A first appearance is the first time that an individual appears in court for their charges. This can occur in the context of bail proceedings or it can be the day stated on a promise to appear or undertaking given by a police officer. At a first appearance the accused has the charge against them read out. The Crown will elect whether they wish to proceed by summary offence (less serious offence) or indictment (more serious offence), if the charge is one that gives them that option. The accused also enters a plea and, if the charge is indictable, makes an election as to which court they wish to have their trial ad whether they wish to proceed by Judge alone, or Judge and jury. If either the Crown or the accused are not ready to proceed at the first appearance, then a plea or election may be set over to another date if the Judge so permits. Once a plea is entered and all elections are made, then usually dates are set down for a trial to be held.


Before going to trial there are a number of things that can be done, and some that must be completed. The accused or the Crown may decide to bring an application concerning the case. A pre-trial conference may be required if the case is complex enough. Sometimes a preliminary hearing may be held if the matter proceeds by indictment and the accused elects to have one. Also, all necessary disclosure between the accused and the Crown must be exchanged and the proper witnesses must be subpoenaed. There are too many pre-trial procedures to discuss in this summery, and this should be discussed in further detail with a lawyer.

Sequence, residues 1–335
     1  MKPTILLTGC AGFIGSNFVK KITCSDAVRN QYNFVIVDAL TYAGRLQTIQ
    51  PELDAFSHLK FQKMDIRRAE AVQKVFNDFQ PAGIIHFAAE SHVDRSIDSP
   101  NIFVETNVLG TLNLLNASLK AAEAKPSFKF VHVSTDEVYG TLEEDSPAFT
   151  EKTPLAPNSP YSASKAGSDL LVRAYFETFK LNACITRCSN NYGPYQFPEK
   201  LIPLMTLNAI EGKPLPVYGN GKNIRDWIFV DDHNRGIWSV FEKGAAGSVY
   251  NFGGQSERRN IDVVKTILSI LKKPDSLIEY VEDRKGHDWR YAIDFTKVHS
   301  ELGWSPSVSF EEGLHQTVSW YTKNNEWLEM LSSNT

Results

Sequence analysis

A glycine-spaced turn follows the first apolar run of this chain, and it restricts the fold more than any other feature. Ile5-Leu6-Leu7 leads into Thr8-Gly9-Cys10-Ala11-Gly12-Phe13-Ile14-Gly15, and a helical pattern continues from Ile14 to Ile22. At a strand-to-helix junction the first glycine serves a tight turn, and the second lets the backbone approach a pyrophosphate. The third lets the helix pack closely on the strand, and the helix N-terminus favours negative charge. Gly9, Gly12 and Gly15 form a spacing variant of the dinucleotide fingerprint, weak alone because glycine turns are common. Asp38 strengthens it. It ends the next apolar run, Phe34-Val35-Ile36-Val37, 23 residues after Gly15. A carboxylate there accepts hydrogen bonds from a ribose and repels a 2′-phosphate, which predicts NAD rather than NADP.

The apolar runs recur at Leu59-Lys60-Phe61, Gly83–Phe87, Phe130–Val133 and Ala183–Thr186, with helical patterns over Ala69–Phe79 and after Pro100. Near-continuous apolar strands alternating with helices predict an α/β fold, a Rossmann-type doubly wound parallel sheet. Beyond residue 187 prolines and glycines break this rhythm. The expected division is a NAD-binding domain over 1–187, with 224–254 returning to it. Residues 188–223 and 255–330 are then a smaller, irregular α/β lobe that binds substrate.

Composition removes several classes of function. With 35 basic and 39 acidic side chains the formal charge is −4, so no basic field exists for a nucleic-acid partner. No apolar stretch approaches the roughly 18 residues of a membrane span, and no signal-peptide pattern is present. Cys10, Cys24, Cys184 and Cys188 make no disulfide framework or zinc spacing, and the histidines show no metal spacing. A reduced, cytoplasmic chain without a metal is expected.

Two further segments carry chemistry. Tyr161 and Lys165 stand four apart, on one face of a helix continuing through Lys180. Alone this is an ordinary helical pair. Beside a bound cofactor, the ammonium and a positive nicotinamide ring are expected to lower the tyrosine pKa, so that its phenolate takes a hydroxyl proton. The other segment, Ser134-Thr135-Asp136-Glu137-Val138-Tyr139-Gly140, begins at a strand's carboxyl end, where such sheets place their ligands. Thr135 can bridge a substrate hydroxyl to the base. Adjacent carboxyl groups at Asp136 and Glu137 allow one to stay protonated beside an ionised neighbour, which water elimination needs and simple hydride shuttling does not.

The trial is where the substance of the charges against the accused are considered by a Judge or a jury. Because everyone has the right to be considered innocent until proven guilty, the onus of establishing guilt is always on the Crown and must be proven “beyond a reasonable doubt”. During a trial the Crown is the first to present their evidence against the accused. The accused has the right to cross examine any witnesses the Crown examines. After the Crown has finished presenting evidence and closed their case the accused is given the opportunity to call evidence. Once both sides have closed their cases, both have a final opportunity to make their argument. If the accused has presented evidence to the court, they go first. If they have not, then the Crown goes first. The Judge or jury will then consider the evidence and arguments and make their decision.


A sentencing only happens if the accused enters a plea of guilty, or if they are found guilty at their trial. The sentencing is the opportunity for both the accused and the Crown to make submissions about what penalty should be imposed for the crime committed by the accused. If the crime is of a serious or complicated nature, or if the accused’s circumstances call for it, a pre-sentence report that provides a summary of the accused’s circumstances may be ordered. If the Crown and accused come to an agreement, they may make a “joint recommendation” on sentence. The Judge is not required to agree with joint recommendations, but if they impose a different sentence they must give reasons why they feel the joint recommendation is unreasonable. If there is no joint recommendation then the accused and Crown both call evidence and make their arguments about what they feel the sentence should be.